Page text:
Chasing Trane: The John Coltrane Documentary, 2016
By John Scheinfeld

Directed and written by John Scheinfeld, and with the support of Coltrane’s family, friends, people he worked with, and music fans, including son Ravi Coltrane, stepdaughters Michelle Coltrane, musicians Sonny Rollins, Benny Golson, Carlos Santana, Wayne Shorter, Common, Kamasi Washington and fans like Bill Clinton and YasuhiroFujioka. John Scheinfeld’s “Chasing Trane: The John Coltrane Documentary” reconstructed Coltrane’s spiritual life and music journey.

The movie started from the moment Coltrane first join Miles Davis Quartet, he was new to the world. But his journey started from his hometown North Carolina in the deep south, experienced discrimination at first hand, religious and black church was one thing that held black people together. Coltrane played the sax and always wanted to learn more while he could support his family. So he played lots of gigs and played with another jazz musicians even though they didn’t share same taste. He joined the navy in the WWII, stationed in Pearl Harbor, people said he was trying to imitating Charlie Parker but it didn’t sound right. While he was still trying to his own voice, he was able play jazz standards.

He joined Miles Davis Quartet and it was big step forward for him, however he became heavily addicted to hard drugs and alcohol. He would end up dead like his idol Charlie Parker. Not long Coltrane was fired by Miles (or so they said in the movie).

Coltrane become clean (obviously it was hard for him to quit drugs for good according to his stepdaughter), but he got his path back on track. He joined Monk’s band in the late 50s and released a celebrated jazz album “Thelonious Monk Quartet with John Coltrane at Carnegie Hall”. He became “Coltrane” in 1957, the celectrated hard bop Blue Note album “Blue Train” (with Lee Morgan as trumper) was born a year later . “Lady Bird” showed that he was not just a session/standard jazz musician, away from his previous Bebop style, he’s got his own voice now.

Then Coltrane rejoined Miles for the second time. Coltrane was given a lot of space that was exactly what he needed. He played the longest solo in the band, even longer than Miles. Miles once asked him why didn’t he stop and then Coltrane answered “I couldn’t find the right time to stop”. “Well you can just out the sax of your month” Miles said.

The result was another celectrated jazz record “Kind of Blue”, with Miles Davis, Coltrane, Bill Evans, Wynton Kelly, Paul Chambers, Jimmy Cobb and Cannonball Adderley. Coltrane actually “grew out of the band” that he could stay in it anymore.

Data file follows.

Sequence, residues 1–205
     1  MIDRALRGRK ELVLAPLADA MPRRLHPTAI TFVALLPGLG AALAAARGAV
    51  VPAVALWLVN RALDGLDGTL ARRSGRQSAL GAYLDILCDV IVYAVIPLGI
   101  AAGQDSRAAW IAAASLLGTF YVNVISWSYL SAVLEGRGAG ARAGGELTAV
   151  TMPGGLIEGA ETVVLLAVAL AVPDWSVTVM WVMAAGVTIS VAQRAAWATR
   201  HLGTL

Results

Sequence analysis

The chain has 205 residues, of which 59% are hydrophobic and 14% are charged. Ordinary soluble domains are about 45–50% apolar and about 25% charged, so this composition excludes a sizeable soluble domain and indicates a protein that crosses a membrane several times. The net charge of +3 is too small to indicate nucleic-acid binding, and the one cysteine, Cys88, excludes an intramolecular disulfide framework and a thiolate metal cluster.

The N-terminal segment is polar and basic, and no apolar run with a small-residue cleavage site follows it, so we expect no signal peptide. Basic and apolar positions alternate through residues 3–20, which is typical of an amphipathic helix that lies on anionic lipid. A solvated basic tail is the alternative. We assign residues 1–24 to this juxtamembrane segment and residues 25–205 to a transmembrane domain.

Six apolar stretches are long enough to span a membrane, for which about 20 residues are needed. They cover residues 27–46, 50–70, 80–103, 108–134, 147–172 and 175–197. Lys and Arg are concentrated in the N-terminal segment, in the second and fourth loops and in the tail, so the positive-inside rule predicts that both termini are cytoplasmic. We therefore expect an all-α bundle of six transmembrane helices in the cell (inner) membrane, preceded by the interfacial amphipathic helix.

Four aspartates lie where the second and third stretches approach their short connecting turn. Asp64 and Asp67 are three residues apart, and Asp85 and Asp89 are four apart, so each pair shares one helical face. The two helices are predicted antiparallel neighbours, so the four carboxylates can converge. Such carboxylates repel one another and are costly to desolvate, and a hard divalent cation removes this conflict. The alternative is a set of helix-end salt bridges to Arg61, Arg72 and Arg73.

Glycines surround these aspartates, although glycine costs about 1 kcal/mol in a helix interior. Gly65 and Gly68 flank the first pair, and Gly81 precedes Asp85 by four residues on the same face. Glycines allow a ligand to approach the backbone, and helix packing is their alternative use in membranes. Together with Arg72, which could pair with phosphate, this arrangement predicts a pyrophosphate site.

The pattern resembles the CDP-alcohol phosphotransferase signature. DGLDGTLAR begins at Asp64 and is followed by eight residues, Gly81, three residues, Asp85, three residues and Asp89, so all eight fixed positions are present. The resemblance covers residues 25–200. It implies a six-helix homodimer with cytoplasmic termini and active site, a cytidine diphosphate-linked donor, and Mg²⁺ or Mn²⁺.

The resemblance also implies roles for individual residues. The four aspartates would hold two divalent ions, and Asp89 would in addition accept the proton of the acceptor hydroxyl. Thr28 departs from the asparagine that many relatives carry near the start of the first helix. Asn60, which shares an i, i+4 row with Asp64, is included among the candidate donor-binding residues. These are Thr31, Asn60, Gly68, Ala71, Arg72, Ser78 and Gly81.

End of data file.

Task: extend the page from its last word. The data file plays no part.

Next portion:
Coltrane regarded jazz as the highest art form, he developed his own free form style starting from his major project “Giant Steps” in 1960 and he formed his own quartet with McCoy Tyner Steve Davis and Elvin Jones. “My Favorite Things” came a year later.

Here comes a glimpse of his private life regarding to his masterpiece “A Love Supreme”. After he married the jazz pianist Alice, for the first time he became a father to three sons. He was happy. By the time John Jr. he started his project with her wife understanding and support, locked himself upstairs for two weeks, “A Love Supreme” was born and this was the first time he felt ready.

Coltrane “A Love Supreme” was one of my first encounter with jazz (another were Ellington and Mingus). It was a portal to heaven, it was whole new level for jazz and for audiences, that he was getting into avant garde jazz and free jam direction. Coltrane had messages hidden in it in notes and melodies, the listeners would explore his spiritual mind and widen their own as well. I consider “A Love Supreme” as a door to jazz because even the people not into jazz also would love it.

By the third of the movie, “Chasing Trane: The John Coltrane Documentary” showered us interviews of a devoted Coltrane fan Yasuhiro Fujioka from Japan. He was a first a devoted fan and than a collector of Coltrane, anything you can name of, records, photos, books etc. He encountered Coltrane in 1966 when he performed in Japan. Coltrane visited Nagasaki Peace Memorial Park, he bowed in prayer. “Well, I dislike war. Period. So, therefore, as far as I’m concerned, it should stop. It should have already stopped. And any other war.” Coltrane said later regarding the Nagasaki bombing in the Great War. A year Coltrane died, a short life of 40. A soul was gone too soon.

Miles Davis John Coltrane 1960